• Petit larceny
  • Disorderly conduct or breach of peace
  • Trespassing after notice

What is a Felony in SC?

Felonies are more serious offenses that typically involve harsher punishments – up to life in prison or even death. In addition to prison time, the potential penalties could include thousands of dollars in fines, sex offender registry, or the loss of privileges like the right to own a firearm or obtain occupational licenses.

There are six possible classifications of felony offenses in SC.

What are the Different Types of Felonies in SC?

SC Code Section 16-1-20 also contains the potential penalties for the six felony classifications under SC law. As with misdemeanor offenses, the potential penalties for felony offenses are often contained in the text of the criminal statute itself.

For example, murder is punishable by up to life in prison (or death in certain cases), so it does not fall within one of the felony classifications listed below. Regardless of what you are charged with, you will need to read the criminal statute and any related penalty statutes to know what the possible punishment is for a particular offense.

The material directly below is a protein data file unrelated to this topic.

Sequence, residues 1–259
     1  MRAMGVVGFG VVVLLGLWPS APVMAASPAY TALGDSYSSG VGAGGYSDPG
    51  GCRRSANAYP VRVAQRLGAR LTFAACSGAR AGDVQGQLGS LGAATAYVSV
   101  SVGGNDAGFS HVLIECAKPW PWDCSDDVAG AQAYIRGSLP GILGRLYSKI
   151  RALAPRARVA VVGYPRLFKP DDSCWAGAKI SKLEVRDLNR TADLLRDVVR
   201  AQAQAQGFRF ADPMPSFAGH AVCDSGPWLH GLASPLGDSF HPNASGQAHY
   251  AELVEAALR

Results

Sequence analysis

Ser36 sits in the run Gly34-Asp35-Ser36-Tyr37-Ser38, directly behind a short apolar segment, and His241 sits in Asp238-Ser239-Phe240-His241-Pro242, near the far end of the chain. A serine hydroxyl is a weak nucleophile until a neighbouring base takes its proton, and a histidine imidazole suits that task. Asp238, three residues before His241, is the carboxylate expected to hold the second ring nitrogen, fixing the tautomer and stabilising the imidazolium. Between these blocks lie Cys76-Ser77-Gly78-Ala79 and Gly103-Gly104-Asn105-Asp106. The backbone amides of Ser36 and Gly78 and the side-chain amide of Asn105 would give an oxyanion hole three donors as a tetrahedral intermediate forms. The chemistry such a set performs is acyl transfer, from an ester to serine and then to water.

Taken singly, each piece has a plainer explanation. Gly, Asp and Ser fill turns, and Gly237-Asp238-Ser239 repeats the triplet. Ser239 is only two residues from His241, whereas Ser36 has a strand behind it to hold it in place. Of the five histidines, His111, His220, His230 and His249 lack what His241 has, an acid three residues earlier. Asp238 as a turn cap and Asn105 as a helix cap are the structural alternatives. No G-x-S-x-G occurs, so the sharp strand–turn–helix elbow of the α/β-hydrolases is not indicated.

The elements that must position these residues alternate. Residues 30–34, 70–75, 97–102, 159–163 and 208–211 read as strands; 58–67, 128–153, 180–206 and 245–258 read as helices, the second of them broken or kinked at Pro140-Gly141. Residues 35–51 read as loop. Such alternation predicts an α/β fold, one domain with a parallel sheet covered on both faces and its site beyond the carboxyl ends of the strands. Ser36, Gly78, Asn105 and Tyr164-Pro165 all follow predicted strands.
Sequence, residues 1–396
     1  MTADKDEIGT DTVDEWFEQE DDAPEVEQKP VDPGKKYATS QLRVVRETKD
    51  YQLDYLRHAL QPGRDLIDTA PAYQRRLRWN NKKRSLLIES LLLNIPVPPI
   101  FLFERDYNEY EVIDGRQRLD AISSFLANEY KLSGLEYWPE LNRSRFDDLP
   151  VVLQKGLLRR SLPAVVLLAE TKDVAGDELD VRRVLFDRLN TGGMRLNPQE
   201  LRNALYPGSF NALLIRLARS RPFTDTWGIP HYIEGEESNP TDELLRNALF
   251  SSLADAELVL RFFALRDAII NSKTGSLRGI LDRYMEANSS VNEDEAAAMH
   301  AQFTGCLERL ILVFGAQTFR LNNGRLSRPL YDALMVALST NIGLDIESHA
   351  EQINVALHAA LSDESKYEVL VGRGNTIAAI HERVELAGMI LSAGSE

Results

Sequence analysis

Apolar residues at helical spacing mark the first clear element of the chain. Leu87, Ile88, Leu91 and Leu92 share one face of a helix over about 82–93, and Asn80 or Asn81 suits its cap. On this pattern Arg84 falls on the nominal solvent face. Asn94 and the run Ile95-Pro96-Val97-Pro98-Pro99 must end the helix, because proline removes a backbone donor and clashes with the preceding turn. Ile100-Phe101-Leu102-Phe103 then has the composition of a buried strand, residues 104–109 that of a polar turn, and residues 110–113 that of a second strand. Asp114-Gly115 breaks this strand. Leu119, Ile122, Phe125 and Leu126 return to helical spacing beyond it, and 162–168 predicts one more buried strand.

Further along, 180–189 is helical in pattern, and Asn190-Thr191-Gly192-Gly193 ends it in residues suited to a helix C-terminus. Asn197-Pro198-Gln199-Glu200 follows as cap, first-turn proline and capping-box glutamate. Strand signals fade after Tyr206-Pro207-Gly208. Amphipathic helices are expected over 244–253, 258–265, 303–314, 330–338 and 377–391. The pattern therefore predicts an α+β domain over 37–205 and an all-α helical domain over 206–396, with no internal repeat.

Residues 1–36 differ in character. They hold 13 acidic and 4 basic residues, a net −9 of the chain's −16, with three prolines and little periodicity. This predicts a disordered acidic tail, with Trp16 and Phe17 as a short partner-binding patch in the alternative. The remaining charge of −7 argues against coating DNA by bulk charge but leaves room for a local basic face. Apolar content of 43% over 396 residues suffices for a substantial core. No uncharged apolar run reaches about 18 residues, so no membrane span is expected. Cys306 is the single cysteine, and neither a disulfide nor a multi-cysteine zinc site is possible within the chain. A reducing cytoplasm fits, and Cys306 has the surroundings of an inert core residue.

That being said, the classifications for felonies in SC include:

Class A: up to 30 years in prison. Examples include:

  • Voluntary manslaughter
  • Attempted murder
  • Criminal sexual conduct (CSC) first degree

Class B: up to 25 years in prison. Examples include:

  • Second-degree arson resulting in great bodily injury
  • Felony DUI resulting in death
  • Failure to stop for blue light resulting in death

Class C: up to 20 years in prison. Examples include:

  • Criminal sexual conduct (CSC) second degree
  • Carjacking
  • Domestic violence high and aggravated

Class D: up to 15 years in prison. Examples include:

  • Third-degree criminal sexual conduct (CSC) with a minor
  • First offense manufacturing or distribution of cocaine or methamphetamine
  • Felony DUI with great bodily injury

Class E: up to ten years in prison. Examples include:

  • First-degree assault and battery
  • Third-degree criminal sexual conduct (CSC)
  • Grand larceny $10,000 or more

Class F: up to five years in prison. Examples include:

  • Involuntary manslaughter
  • Shoplifting $2000-$10,000
  • Breaking into motor vehicles

There are also many felonies in SC that don’t fall within one of the above classifications including:

  • Murder
  • Burglary 1st degree
  • Homicide by child abuse

The penalties for these and other SC felonies that don’t fit in the classifications are found in the text of the criminal statutes that define each crime.

Criminal Defense Attorney in Conway, SC

Attorney Johnny Gardner has over twenty years of trial experience defending misdemeanors and felonies in SC courtrooms.

If you have been charged with a crime or believe you are under investigation in SC, contact criminal defense Lawyer Johnny Gardner today for a free consultation to find out how we can help.